Over the past decade, there has been a steady rise in Open Courseware programs. Open Courseware is the concept of college courses being offered to the general public free of charge via the internet. The pioneer of the Open Courseware movement was MIT, who began this initiative in 2002. Soon, reputable universities such as Yale, Berkeley, Norte Dame and Tufts followed suit and created their own open courseware programs. This raises many questions about the future of education in the modern world. If were are able to access courses provided at some of America’s most elite institutions at no cost, why are we still spending upwards of $160,000 to obtain degrees from these same universities?
This dichotomy leads me to ask: Who owns the knowledge anyway? Is it worth $160,000 to have access to the same information but have a grade attached to it? Do college students attend school simply to get a piece of paper we can show to prospective employers, or do we go in order to expose ourselves to new ideas and concepts that enable career success and personal fulfillment? The truthful answer is: maybe a little of both….but maybe more of option A. To be quite realistic, if you truly want to learn a piece of information, the college classroom is not the only place to obtain it. That’s what Google is for! Back in the day, nerdy, diligent, determined people would rush to the library to discover an answer to a pressing question. Now it isn’t that hard. The answer is literally at our fingertips. As long as we have a phone or computer near us, we have an infinite amount of knowledge at our disposal. The Worldwide Web has replaced academia as the gatekeeper of knowledge. And yet here I am, like so many other 20 somethings, taking out obscene amounts in loans in order to be assigned online articles and write about what I’ve read (How original!)
Colleges and universities are recognizing and maximizing on the internet’s possibilities and offering online degree programs that students can complete in the comfort of their own homes. It makes sense right? Why pay for utilities and campus maintenance costs when you can just streamline everything to the web? (Oddly enough, these programs still end up costing almost 40 grand a year. Funny how that works out.) Nevertheless, online degree programs are a viable option for millions of people. A 2004 survey indicated that 2.35 million students were enrolled in online courses nationwide. (educause.org) I’ m willing to bet my right arm that number has grown significantly since then. Many people question the effectiveness and validity of these online programs. I mean, isn’t the success of your college experience contingent on the relationships you make with you professors, students, and the overall campus environment? Not really… At the end of the day people just want the degree so they can become marketable in their particular field in order to get paid more, and gain the qualifications to boss other people around.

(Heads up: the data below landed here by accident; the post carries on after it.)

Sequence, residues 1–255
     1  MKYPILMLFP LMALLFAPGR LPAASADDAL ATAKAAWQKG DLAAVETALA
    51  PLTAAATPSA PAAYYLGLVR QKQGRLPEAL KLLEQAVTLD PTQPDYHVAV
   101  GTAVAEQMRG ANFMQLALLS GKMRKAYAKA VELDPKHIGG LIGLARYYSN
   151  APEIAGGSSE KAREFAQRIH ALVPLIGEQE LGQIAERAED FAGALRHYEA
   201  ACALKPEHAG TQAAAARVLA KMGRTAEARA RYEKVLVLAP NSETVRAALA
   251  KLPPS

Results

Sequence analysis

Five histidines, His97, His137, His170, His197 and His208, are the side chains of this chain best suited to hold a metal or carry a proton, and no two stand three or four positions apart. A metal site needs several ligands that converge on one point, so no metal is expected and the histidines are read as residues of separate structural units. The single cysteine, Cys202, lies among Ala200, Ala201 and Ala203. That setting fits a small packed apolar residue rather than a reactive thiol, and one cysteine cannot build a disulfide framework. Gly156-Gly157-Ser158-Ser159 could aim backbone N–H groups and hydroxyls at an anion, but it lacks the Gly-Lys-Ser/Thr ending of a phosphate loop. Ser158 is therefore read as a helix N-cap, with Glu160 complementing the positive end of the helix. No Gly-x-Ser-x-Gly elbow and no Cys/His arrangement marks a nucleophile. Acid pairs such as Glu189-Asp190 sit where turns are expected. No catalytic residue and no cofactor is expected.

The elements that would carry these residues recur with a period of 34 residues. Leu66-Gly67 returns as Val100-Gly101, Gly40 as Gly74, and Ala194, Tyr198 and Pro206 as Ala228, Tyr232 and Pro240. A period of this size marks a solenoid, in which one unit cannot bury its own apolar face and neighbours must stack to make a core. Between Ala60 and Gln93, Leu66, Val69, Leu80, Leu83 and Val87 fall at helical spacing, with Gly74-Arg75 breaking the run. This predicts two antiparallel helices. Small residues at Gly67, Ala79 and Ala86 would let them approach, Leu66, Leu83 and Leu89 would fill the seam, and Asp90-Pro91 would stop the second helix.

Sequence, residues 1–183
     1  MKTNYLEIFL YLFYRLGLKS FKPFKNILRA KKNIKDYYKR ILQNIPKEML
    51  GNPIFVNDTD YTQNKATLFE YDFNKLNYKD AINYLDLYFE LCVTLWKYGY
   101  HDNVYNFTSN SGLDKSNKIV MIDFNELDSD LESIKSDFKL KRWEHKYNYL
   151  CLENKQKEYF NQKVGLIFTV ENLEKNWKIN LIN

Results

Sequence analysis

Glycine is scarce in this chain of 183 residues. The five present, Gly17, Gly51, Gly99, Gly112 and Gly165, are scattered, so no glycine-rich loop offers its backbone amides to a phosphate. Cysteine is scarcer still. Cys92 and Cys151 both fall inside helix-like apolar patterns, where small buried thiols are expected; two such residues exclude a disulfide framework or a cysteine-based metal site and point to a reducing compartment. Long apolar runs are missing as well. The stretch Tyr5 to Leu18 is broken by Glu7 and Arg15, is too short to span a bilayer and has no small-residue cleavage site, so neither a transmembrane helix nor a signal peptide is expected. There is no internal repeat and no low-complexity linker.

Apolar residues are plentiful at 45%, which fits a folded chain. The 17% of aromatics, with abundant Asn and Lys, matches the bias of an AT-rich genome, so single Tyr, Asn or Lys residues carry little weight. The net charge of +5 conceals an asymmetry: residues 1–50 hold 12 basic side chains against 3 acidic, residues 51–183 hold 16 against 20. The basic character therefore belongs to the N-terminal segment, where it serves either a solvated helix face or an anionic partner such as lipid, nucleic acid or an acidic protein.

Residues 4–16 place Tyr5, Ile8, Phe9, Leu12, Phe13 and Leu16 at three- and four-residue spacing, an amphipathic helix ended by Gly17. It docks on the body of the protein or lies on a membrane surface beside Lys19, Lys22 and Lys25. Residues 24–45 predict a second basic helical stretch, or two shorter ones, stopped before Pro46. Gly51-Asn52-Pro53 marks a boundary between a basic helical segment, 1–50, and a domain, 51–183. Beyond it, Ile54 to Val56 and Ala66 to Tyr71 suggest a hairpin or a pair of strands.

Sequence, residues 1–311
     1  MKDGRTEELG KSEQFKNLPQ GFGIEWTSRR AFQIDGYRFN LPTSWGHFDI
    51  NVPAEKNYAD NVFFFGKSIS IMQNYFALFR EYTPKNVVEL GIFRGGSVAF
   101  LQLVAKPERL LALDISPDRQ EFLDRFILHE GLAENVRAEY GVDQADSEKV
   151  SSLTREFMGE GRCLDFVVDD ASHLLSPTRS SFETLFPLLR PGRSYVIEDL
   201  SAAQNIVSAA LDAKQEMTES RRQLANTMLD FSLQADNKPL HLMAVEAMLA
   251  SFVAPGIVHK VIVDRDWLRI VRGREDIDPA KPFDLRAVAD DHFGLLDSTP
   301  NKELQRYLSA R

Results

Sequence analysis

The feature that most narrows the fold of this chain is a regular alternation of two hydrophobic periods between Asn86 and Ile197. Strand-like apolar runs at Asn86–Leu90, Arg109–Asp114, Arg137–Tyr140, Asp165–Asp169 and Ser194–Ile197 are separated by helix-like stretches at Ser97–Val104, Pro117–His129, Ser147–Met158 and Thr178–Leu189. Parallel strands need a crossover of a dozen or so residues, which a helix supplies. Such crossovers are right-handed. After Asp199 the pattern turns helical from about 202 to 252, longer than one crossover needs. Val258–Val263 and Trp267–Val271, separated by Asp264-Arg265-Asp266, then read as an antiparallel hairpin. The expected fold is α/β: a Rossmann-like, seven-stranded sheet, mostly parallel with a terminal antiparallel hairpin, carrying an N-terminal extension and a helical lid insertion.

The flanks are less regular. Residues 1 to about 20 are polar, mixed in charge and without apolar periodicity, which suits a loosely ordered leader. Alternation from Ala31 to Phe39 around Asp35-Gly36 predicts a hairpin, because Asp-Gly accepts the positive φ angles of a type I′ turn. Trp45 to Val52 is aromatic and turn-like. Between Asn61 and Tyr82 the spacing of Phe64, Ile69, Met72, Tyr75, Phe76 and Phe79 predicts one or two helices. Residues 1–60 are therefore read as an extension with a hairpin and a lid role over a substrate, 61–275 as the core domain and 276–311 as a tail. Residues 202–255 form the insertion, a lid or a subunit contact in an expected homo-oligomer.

But wait! Companies are paying less and less for college educations! MSN Money reported, “The four year college degree has come to cost too much and prove too little. It’s now a bad deal for the average student, family, employer, professor, and tax payer.” Why you may ask? The simple answer is college degrees are becoming a dime a dozen. More and more people are seeking them and the inflation of diplomas is lowering the financial return on our investment. Moreover, the cost of education continues to rise. MSN reports that over a period of 10 years, increases in tuition and fees were 36 percent at private colleges and 51 percent at public ones. Yeesh! That doesn’t seem too hopeful.
What is the alternative you might ask? What if we were able to train ourselves to utilize the valuable gift of the internet in the highest possible way? It is easier than ever before to educate yourself on a variety of topics for free! Higher education has typically been used as a means of dividing the smart intellectuals from commoners. Not the case anymore…anyone can get a degree! The question is, why are millions of people spending crazy amounts of money on online programs when they can access the same information virtually for free? I’m wondering what would happen if we invested those thousands of dollars into the actual goals and dreams we attend college to reach? If we want to go to business school why not invest in an actual business? If we want to pursue sociology to do social justice work, why not start a large scale social justice volunteer project? Hey, $40,000 a year is a lot of money I’m just saying. Initiating these experiences would make us more knowledgeable and experienced then we ever dreamed we could be sitting in a college classroom. I know these ideas are quite fanciful but you’ve got to start somewhere right?
Open Courseware Links: Why not give it a try?